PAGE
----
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A rather forced “montage” scene  at the exact halfway point of the book (as depicted on the page below) doesn’t help matters any, either, and while I certainly commend Marvel for being willing to roll the dice on “quirky” fare in a way that their Distinguished Competition seem to be shying away from in the advent of their “New 52” relaunch (although that may be changing when DC rolls out a host of new titles in June), it seems like the commercial failure of more “off-beat” recent series like She-Hulk (who re-emerges as a supporting player in this very book) and the criminally under-appreciated Superior Foes Of Spider-Man is giving the publisher something of a case of cold feet. They apparently want to continue to try to push the envelope in a more humorous direction, but they’re just not willing to go quite as far as they were a year or two back, with the end result being a re-launched Howard title that feels like it’s very tightly controlled by editorial.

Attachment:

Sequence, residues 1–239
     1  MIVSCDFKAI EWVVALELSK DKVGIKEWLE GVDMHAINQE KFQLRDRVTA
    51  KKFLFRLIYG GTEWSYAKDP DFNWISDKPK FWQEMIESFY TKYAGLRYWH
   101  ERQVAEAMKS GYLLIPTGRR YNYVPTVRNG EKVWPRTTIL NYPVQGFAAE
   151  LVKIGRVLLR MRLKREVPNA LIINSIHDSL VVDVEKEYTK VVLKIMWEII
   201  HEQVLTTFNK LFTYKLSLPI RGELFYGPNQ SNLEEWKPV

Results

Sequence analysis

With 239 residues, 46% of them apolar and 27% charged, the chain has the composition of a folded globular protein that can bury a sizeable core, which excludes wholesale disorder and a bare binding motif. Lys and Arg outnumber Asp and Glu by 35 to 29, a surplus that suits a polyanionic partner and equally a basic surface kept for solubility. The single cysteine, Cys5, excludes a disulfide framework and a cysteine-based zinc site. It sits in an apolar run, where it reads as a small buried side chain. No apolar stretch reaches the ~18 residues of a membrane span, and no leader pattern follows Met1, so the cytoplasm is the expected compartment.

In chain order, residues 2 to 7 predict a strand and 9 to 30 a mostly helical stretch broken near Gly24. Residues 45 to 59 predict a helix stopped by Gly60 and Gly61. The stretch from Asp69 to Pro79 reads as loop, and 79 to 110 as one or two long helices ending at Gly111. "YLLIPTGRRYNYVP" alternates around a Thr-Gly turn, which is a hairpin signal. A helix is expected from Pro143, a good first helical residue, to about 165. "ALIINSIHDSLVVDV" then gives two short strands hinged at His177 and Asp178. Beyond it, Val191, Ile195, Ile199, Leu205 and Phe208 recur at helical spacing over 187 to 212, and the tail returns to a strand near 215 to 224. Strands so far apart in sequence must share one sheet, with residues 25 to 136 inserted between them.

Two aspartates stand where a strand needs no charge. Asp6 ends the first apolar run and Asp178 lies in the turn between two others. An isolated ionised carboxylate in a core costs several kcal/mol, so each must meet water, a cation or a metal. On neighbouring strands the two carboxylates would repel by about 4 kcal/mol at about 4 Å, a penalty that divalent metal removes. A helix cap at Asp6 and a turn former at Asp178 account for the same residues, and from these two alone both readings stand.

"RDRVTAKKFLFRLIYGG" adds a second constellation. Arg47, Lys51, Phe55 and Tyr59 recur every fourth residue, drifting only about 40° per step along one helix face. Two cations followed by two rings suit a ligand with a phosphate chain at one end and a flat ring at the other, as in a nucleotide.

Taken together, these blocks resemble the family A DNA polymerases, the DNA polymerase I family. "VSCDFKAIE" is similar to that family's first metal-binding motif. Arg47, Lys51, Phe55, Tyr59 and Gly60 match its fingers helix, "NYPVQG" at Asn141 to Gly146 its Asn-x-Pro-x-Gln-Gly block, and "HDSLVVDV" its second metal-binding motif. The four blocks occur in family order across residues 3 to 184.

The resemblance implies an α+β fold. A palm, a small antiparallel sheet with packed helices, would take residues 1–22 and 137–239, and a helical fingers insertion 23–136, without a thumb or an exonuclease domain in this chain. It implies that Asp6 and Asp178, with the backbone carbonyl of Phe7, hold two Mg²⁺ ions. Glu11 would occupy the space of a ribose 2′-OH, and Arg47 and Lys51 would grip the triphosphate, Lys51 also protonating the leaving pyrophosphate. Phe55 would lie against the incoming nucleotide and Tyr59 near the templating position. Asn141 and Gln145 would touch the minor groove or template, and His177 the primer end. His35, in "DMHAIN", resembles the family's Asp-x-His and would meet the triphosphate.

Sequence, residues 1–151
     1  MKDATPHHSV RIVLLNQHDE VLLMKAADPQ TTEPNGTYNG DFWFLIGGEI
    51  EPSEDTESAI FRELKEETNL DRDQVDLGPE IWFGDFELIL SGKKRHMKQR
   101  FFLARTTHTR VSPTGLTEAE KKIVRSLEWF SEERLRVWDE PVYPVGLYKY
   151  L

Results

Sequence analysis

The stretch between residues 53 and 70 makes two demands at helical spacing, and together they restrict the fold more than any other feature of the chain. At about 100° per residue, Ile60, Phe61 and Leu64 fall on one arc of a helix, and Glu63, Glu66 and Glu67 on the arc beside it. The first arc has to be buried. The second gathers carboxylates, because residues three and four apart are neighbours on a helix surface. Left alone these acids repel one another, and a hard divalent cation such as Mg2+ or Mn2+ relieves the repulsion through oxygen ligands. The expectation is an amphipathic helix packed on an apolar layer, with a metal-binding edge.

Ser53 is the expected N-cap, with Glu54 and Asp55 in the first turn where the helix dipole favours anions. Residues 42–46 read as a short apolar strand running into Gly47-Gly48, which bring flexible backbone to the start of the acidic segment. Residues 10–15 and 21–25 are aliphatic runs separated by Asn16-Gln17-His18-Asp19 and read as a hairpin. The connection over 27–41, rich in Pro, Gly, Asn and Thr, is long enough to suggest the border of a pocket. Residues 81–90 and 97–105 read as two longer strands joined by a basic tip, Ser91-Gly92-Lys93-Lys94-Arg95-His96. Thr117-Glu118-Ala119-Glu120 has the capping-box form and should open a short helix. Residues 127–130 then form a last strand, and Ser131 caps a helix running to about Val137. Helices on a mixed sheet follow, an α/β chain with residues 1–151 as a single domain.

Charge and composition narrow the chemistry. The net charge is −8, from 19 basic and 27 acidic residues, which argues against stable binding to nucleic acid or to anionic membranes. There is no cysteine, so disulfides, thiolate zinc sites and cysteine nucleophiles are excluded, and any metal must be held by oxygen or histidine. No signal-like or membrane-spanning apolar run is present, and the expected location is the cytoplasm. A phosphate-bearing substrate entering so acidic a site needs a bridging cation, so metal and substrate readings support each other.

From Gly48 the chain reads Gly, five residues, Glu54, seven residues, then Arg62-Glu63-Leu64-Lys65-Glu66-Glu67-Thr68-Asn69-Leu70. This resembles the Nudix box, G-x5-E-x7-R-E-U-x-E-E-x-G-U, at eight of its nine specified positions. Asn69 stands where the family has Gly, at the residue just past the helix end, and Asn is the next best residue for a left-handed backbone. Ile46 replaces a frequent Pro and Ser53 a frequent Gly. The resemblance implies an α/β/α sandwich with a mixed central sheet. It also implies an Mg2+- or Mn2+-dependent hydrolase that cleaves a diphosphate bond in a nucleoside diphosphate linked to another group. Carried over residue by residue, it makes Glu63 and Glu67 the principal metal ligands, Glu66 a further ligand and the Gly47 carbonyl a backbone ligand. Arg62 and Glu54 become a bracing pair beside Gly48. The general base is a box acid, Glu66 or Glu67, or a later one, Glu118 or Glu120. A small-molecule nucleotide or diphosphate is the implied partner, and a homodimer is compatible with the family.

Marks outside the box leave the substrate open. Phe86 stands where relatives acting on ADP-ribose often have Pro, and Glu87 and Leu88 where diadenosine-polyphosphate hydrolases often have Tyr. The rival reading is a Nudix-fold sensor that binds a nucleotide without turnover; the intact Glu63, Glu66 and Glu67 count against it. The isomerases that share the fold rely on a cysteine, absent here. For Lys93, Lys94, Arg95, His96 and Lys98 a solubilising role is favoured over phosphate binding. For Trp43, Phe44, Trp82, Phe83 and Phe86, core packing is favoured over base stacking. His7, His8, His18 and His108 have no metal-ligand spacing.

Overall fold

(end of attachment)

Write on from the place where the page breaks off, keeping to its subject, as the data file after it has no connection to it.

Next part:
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Does it have its moments? Sure, absolutely. And it’s well-drawn (and colored) throughout. A reader who’s brand new to the character — as in, one who hasn’t even seen the George Lucas-produced movie, much less read the original comics — and who is primarily interested in answering the question “who was that crazy duck guy at the end of Guardians?” might, indeed, find  a fair amount to like here. But for anyone else with even a passing knowledge of who Howard is (or at least who he used to be)and what he’s (or, again, was) all about, this first issue offers no reason to stick around for the second and beyond. If Marvel wants to have an anthropomorphic “funny animal” character other than Rocket Raccoon and Squirrel Girl as an active part of their universe, they should just let Zdarsky and Quinones — who would probably be up to the task — create a new one. It’s not simply a case that Howard without Steve Gerber isn’t Howard — it’s that he flat-out can’t be.